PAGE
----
As a bootstrapper, you’re trying to build your business, not pander to potential investors. Ignore the rumors, whatever they might be, and worry about transitioning away from moonlighting to working on your bootstrapped startup later, when the finances actually make sense.

That’s how I handled SSD Nodes for years. A day job kept the lights on and gave me a safety net to make the smart, iterative risks that the business needed.

3. Take calculated risks

Speaking of risk—I’ve seen companies fall into the trap of either taking too much risk and not taking enough risk. Risk means trying new things, whether that’s new products, hiring key talent, securing financing, and so on.

You’ll over-leverage yourself if you take too many chances. Conversely, fail to take enough risk and you’ll never see growth.

My recommendation is to take enough risk to move the business forward, experiment and learn, but not so much risk that you’re betting the entire company on any one or two decisions.

If you have the capability and enough traffic to make things statistically significant, AB testing can help you take a risk without betting the farm—only half of it.

4. Create a framework to learn from failure

We’ve taken risks here at SSD Nodes, particularly around new products, that didn’t turn out the way we would have liked. Virtuozzo Containers, which we launched in early 2017, turned out pretty poorly.

Fortunately, we had created a framework, so to speak, to collect user feedback both via surveys and by aggregating data from our support tickets to understand the most persistent pain points in using these new Containers-based servers. Customers were telling us they wanted a more modern, Docker-compatible kernel, which the Containers platform offered, but without the instability.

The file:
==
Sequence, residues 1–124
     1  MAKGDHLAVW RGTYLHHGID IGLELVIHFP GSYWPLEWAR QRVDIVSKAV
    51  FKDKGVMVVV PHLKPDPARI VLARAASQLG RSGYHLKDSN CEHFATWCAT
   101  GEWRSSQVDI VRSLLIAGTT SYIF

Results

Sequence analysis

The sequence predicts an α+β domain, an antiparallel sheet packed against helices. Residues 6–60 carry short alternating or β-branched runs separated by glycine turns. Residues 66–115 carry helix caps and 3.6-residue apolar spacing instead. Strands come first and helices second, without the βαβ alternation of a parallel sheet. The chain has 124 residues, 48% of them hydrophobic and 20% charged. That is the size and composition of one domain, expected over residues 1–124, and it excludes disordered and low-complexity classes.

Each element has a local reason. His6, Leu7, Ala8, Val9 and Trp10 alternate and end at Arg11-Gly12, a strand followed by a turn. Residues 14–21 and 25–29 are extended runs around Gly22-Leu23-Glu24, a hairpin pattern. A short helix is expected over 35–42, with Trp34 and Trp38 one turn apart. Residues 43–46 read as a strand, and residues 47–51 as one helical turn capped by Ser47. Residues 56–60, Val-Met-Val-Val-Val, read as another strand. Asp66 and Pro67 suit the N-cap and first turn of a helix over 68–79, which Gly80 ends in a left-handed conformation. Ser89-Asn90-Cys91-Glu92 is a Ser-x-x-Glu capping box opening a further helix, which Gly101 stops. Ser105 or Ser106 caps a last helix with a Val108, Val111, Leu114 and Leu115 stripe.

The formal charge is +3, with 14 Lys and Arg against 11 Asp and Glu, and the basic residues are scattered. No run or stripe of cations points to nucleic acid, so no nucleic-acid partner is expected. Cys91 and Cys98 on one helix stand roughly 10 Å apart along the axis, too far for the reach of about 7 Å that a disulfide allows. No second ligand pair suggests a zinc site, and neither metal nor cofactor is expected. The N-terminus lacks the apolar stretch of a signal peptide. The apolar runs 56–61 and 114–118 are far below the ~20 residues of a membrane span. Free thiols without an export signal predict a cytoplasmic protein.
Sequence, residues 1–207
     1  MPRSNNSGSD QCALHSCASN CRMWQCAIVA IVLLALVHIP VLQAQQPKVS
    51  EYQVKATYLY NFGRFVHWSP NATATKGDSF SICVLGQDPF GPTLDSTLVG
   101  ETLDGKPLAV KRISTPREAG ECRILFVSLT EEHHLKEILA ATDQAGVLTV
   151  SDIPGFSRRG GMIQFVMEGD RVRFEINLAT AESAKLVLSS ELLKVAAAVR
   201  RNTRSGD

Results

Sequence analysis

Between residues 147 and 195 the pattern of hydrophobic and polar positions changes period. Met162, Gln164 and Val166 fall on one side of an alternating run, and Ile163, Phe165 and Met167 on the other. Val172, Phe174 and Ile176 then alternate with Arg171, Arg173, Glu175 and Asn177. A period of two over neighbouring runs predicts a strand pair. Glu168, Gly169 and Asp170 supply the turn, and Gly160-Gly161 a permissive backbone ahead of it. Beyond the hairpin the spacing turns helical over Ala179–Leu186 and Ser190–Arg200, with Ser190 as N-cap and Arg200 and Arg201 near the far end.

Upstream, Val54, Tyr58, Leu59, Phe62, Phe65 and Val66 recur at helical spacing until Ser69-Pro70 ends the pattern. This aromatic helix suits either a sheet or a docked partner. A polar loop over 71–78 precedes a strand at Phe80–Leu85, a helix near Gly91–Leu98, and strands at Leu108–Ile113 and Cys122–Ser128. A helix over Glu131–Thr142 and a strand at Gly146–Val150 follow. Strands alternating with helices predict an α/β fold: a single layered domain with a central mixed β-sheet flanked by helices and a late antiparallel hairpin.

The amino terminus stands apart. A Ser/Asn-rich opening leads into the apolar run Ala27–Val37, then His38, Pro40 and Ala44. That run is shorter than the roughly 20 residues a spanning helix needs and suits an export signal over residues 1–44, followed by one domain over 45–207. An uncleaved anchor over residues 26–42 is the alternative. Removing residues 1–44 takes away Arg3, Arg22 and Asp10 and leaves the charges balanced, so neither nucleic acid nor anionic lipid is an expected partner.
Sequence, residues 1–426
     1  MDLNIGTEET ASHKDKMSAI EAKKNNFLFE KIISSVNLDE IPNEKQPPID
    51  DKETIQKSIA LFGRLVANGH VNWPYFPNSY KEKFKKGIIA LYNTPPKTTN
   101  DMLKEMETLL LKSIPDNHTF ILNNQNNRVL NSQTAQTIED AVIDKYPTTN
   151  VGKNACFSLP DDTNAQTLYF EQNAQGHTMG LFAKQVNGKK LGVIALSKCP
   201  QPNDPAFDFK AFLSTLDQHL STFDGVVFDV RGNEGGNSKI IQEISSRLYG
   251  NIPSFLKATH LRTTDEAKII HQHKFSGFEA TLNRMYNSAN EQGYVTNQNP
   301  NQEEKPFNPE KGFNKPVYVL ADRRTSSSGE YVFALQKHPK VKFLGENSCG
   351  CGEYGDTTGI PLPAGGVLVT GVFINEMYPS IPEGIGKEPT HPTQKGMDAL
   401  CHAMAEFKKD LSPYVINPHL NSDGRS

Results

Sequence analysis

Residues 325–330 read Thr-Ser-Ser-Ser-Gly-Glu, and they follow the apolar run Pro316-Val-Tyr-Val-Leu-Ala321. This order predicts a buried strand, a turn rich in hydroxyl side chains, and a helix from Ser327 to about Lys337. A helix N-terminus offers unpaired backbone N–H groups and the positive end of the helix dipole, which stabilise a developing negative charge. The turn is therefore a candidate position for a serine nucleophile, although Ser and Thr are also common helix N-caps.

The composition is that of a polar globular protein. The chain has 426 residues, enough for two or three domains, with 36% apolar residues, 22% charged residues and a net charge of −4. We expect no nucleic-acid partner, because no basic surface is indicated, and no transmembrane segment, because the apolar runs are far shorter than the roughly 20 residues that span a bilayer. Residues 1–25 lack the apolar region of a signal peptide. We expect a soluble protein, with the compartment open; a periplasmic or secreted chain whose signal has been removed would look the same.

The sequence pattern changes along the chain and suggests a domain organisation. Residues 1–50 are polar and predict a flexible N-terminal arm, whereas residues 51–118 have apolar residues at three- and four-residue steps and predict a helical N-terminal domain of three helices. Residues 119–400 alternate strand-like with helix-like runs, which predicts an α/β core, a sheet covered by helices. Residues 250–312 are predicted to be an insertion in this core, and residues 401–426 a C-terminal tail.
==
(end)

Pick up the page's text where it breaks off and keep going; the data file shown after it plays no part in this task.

We also organized our engineering team around continually assessing the impact of a less-than-perfect infrastructure. We analyzed how much it cost us in additional support, engineering work, and dealing with vendors. In the end, we not only learned that Containers weren’t for us, but also had some rough financial targets that the next platform needed to hit to be viable.

Because we had these frameworks in place, our following KVM product came out much better. More than a year later we’re selling them faster than ever.

5. Learn how to make fast, high-quality decisions

As a bootstrapped business, you’re resource-constrained, which means you need to be right more often than you’re wrong.

But if you let your fear of being wrong too often hold you back, you’re going to either micromanage or over-analyze your decisions to the point of failing to make them.

Since speed is essential for a bootstrapped company, either of these outcomes will send you spiraling toward failure.

Remember that you can reverse most decisions. Very few are irreversible.

6. Don’t hire too late